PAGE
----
Why gardening should be important to everyone: A Q&A with Adam Frost
Charismatic, down-to earth and full of expertise, Adam Frost is a multi-award-winning British garden designer known for his successes at RHS Chelsea Flower Show and his BBC 2 program, 'Gardeners’ World.'
We caught up with Adam to talk about his 'journey so far', his work with Geoff Hamilton, and how gardening can combat climate change and help make the world a better place.
How did a boy from North London end up pursuing a gardening career?
The simple answer is that I didn’t have a lot of choice. I was brought up just outside Harlow until I was 15, then moved down to rural North Devon. It was a bit of a shock for a teenager to go from a school in the city to the slightly slower Devon life! It wasn’t always easy and gardening soon became my safe place.
I loved being in the garden from the early days spent with my grandparents. I had Tidy Nan and Granddad who had an allotment and taught me to grow my veggies. Then opposite Tidy Nan was Scruffy Nan. She taught me to propagate new plants and I set up a stall outside her house selling the things I had grown. They provided me with memories that have become very important to me.
I left school and home at 16, moving into a flat above a pizza shop. I started an apprenticeship with the North Devon Parks Department where I found myself undertaking anything from growing and planting bedding, to digging the occasional grave! Every Friday I used to spend hours travelling by moped and bus to and from college to study for my horticulture diploma. It was at the first time I’d got an A for anything and I really enjoyed it.
My lucky break came in 1991 when I saw an advertisement for a position with a ‘TV garden in Rutland’. The TV garden belonged to Gardeners’ World presenter Geoff Hamilton. The time I spent working with him was the making of me and really confirmed that I wanted a career in gardening. Mind you, it was a job that I nearly didn’t get (but that’s another story).
You mentioned Geoff Hamilton as a mentor, what lessons did he teach you that you find yourself passing onto your audiences?
Geoff was a man ahead of his time. He understood the importance of our environment and the damage we were doing to the landscape. He was peat-free and organic long before it came to the attention of the media.
He also presented gardening in a way that took away all of the fear-factor that people often have and just made things simple.
I definitely try and pass this onto the audiences I speak to, as so many people seem to think that if you don’t do a particular task on a particular day, that you can’t do it at all. Where as gardening is really flexible and having a go is the best way to learn.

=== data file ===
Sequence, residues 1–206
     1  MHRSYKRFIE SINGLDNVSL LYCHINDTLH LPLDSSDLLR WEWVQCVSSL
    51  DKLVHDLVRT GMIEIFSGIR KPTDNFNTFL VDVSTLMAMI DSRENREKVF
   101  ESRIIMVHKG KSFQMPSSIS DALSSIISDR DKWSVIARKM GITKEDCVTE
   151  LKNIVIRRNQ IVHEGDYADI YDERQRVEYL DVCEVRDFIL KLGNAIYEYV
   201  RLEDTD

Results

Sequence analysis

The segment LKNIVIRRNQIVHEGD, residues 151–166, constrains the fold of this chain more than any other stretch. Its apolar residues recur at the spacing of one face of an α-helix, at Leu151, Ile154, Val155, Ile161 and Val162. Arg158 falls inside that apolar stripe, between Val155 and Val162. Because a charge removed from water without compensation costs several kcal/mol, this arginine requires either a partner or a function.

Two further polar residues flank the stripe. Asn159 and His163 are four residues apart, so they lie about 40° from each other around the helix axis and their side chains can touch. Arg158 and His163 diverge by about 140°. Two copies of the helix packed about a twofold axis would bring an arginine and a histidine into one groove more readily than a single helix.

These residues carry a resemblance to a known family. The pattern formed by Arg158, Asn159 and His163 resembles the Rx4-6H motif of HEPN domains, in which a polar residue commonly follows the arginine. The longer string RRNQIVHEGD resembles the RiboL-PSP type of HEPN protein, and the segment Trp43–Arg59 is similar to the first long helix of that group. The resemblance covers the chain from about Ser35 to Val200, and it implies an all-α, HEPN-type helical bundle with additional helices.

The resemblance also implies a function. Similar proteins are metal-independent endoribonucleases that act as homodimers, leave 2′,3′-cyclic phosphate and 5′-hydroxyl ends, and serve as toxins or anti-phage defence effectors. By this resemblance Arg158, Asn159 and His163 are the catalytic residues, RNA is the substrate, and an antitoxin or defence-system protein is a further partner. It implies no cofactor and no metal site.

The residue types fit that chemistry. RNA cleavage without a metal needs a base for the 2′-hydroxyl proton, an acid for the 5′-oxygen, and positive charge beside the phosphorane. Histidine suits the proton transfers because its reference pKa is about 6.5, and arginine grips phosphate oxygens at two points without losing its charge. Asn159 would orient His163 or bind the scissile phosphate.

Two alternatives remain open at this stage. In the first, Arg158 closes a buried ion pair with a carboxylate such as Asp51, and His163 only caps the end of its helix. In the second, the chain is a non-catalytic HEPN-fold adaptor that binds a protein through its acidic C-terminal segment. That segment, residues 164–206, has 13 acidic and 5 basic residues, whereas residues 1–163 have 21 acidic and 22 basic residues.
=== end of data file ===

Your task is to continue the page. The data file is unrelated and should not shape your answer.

What is the importance of having plants in the workplace, and what are some of the best types you’d recommend to help employee wellbeing?
There have been lots of different studies that have looked at how having plants in the work space can increase happiness and productivity.
Make sure you choose something suitable for the conditions that they are going to grow in - what are the light levels like? How much space is there? Who is going to look after the plants? Do they need a lot of upkeep or a little? Many indoor plants are grown for their interesting foliage, but a lot do flower too.
You might even want to think about growing herbs in the workplace, which could be used to garnish lunches or even make herbal teas!
How is gardening a part of the answer within the bigger question of climate change?
For me, I think we can all do our bit to become greener and help our environment. Whatever size of garden we have, from a balcony to an allotment, has the potential to be a valuable space. We think progress is about how we stay in front of climate chance, but we could not be more wrong. We need to start understanding bio-security and look at planting for future generations to help deal with pollution and temperatures rising.
The changing climate is affecting our wildlife too. We need to be planting with wildlife in mind even more. Simple things like a pot of pollinator-friendly plants, or having a pile of logs tucked away in a quiet corner of the garden, would create great habitats to encourage insects and creatures into our gardens. The loss of natural habitats, like wildflower meadows, has a big impact on wildlife too. So we need to make sure that we are planting to offer diversity.
I think we can all become more conscious about where plants are coming from as well. Buying locally and British-grown is going to keep the miles down. There is also a great push at the moment to remove black pots (which aren’t recyclable) from our garden centres and not use compost that contains peat.
If the answers are in the soil, what questions do you ask the soil?
Pick up a handful of soil and you’re basically holding a Walt Disney movie in your hands! There is so much life and so many stories just in that one handful, it is truly amazing. We know that soil is vital for plants to grow, but we are only just beginning to understand that it is a communication tool too. I know it sounds pretty weird and wonderful, but the soil is the link that plants use to connect with each other.
The way we have have farmed our countryside since the war hasn’t left our soil in very good shape, but there is definitely a shift to change that now. If you have a good understanding of what’s going on under your feet, then you will know what and where to grow things, as well as what you can do to make the soil even better.
You’ve won gold medals at the Chelsea Flower Show and ‘Best New Talent’ at the RTS West Awards in 2016, and we love seeing your on Gardeners’ World too, so what’s next for you?
I’m really not sure, I just keep getting up and having a go - it’s got me this far! I just love what I do.
Thank you for talking to us Adam! We look forward to seeing your future endeavors flourish!
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